The hidden power of language

30 Jun

The idea that language shapes (if not determines) our perspectives, indeed what we may think, has been around for a long time. I have encountered examples of the phenomenon in teaching ESL and EFL (English as a Foreign Language). For example, some Chinese students and I once disputed the colour of something we were all looking at only to discover that our mother tongues cut the spectrum into somewhat different arbitrary bits in the blue/green section. The “real” spectrum has no divisions; our language imposes or constructs divisions.

So I am drawn (via the Arts & Letters Daily) to HOW DOES OUR LANGUAGE SHAPE THE WAY WE THINK? [6.12.09] by Lera Boroditsky.

For a long time, the idea that language might shape thought was considered at best untestable and more often simply wrong. Research in my labs at Stanford University and at MIT has helped reopen this question. We have collected data around the world: from China, Greece, Chile, Indonesia, Russia, and Aboriginal Australia. What we have learned is that people who speak different languages do indeed think differently and that even flukes of grammar can profoundly affect how we see the world. Language is a uniquely human gift, central to our experience of being human. Appreciating its role in constructing our mental lives brings us one step closer to understanding the very nature of humanity…

Scholars on the other side of the debate don’t find the differences in how people talk convincing. All our linguistic utterances are sparse, encoding only a small part of the information we have available. Just because English speakers don’t include the same information in their verbs that Russian and Turkish speakers do doesn’t mean that English speakers aren’t paying attention to the same things; all it means is that they’re not talking about them. It’s possible that everyone thinks the same way, notices the same things, but just talks differently.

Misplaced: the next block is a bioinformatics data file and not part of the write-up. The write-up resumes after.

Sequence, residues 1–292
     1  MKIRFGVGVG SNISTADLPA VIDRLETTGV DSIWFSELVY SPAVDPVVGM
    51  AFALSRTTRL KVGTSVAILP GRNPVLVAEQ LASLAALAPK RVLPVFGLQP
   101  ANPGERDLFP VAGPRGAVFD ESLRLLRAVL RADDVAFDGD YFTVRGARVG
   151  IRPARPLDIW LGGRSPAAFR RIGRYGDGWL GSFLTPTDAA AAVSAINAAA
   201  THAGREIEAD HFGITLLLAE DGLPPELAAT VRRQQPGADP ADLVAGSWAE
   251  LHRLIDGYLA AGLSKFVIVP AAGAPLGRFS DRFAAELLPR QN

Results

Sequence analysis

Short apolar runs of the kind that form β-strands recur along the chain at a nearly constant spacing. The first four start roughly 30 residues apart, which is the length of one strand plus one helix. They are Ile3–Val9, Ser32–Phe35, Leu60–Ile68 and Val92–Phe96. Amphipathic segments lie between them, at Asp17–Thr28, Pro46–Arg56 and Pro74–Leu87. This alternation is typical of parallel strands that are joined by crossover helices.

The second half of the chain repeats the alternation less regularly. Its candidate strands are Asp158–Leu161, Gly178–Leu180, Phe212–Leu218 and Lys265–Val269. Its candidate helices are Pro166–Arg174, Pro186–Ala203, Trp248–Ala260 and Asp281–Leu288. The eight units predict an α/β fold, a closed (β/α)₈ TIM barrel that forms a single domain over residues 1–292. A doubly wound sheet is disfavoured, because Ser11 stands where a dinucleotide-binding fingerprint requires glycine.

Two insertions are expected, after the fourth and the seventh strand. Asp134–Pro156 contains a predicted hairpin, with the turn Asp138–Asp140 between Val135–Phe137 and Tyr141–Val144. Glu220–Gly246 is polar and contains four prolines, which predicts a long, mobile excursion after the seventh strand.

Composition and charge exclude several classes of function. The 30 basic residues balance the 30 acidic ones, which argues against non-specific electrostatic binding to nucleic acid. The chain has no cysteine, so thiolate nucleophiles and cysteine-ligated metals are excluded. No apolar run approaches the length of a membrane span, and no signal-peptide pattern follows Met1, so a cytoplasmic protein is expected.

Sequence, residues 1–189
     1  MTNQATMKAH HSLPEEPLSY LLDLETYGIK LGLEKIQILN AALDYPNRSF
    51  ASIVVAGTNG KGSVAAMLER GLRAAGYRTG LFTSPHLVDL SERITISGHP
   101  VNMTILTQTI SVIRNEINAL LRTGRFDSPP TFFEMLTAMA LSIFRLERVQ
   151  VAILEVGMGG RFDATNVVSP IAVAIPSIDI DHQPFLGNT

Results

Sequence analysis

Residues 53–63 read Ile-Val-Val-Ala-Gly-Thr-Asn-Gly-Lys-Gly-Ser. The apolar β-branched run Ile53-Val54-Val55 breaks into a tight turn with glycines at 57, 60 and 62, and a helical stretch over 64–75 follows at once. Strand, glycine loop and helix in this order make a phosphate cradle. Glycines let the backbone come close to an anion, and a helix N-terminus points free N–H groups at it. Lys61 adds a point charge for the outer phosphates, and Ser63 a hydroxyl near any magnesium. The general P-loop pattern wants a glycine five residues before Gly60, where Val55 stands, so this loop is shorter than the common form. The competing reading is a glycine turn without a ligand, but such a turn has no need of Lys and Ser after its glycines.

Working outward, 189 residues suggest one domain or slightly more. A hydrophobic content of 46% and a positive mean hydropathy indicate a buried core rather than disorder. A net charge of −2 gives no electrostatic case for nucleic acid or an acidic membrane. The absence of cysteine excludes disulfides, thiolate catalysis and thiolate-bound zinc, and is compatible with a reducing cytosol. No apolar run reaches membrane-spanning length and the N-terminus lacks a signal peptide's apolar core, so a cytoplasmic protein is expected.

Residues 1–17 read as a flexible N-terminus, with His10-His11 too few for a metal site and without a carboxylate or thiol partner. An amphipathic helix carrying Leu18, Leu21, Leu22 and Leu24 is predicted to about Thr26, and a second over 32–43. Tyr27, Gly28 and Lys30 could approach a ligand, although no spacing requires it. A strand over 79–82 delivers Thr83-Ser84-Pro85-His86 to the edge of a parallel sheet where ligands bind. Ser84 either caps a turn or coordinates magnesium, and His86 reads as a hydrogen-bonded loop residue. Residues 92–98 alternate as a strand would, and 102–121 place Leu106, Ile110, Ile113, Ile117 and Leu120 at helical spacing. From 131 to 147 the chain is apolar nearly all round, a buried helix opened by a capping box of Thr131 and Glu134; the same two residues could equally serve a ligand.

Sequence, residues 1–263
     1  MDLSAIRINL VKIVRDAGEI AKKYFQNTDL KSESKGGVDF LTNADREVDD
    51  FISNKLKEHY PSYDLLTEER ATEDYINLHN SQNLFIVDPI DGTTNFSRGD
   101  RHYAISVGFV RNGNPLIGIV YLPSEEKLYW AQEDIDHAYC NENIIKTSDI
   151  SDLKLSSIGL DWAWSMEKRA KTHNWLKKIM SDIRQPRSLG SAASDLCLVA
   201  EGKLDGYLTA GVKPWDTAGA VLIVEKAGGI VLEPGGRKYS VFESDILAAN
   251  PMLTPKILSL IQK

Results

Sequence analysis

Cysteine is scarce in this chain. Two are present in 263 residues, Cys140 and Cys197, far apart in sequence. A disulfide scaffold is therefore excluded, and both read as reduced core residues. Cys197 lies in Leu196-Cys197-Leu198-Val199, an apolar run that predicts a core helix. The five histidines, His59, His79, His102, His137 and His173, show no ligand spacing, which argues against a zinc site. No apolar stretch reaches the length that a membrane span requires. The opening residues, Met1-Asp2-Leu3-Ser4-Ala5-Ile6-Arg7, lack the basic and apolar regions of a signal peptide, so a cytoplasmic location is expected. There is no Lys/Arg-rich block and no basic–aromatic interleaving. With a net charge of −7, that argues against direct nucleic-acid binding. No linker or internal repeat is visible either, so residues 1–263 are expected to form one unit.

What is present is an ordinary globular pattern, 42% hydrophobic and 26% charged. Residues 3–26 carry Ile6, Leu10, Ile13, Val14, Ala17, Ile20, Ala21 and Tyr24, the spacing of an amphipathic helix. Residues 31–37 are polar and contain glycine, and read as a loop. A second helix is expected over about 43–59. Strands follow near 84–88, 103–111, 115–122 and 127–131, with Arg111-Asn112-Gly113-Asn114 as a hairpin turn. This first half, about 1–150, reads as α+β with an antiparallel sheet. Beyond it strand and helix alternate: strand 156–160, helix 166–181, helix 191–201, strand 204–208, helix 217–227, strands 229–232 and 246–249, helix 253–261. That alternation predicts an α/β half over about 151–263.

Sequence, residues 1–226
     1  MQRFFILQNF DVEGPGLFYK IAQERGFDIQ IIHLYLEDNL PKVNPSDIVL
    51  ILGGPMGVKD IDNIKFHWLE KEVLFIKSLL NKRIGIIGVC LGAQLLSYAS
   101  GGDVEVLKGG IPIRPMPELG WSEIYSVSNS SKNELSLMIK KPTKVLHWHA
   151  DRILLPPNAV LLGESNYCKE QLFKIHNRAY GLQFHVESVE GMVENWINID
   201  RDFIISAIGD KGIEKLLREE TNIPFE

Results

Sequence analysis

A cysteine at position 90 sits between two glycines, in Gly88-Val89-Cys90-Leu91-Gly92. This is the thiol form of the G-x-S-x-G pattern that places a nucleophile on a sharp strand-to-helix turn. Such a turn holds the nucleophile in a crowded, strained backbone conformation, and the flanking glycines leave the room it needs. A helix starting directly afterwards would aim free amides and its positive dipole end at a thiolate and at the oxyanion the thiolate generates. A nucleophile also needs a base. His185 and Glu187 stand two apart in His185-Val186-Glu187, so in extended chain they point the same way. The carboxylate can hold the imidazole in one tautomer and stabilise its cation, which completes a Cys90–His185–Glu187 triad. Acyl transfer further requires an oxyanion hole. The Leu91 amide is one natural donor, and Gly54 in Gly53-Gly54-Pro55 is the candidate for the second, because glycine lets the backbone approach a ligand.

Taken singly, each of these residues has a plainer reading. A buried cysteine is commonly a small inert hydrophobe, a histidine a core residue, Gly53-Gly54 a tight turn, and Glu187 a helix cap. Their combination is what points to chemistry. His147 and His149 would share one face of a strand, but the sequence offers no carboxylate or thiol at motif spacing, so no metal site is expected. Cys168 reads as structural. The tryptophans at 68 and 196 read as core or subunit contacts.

Believers in cross-linguistic differences counter that everyone does not pay attention to the same things: if everyone did, one might think it would be easy to learn to speak other languages. Unfortunately, learning a new language (especially one not closely related to those you know) is never easy; it seems to require paying attention to a new set of distinctions. Whether it’s distinguishing modes of being in Spanish, evidentiality in Turkish, or aspect in Russian, learning to speak these languages requires something more than just learning vocabulary: it requires paying attention to the right things in the world so that you have the correct information to include in what you say.

Such a priori arguments about whether or not language shapes thought have gone in circles for centuries, with some arguing that it’s impossible for language to shape thought and others arguing that it’s impossible for language not to shape thought. Recently my group and others have figured out ways to empirically test some of the key questions in this ancient debate, with fascinating results. So instead of arguing about what must be true or what can’t be true, let’s find out what is true…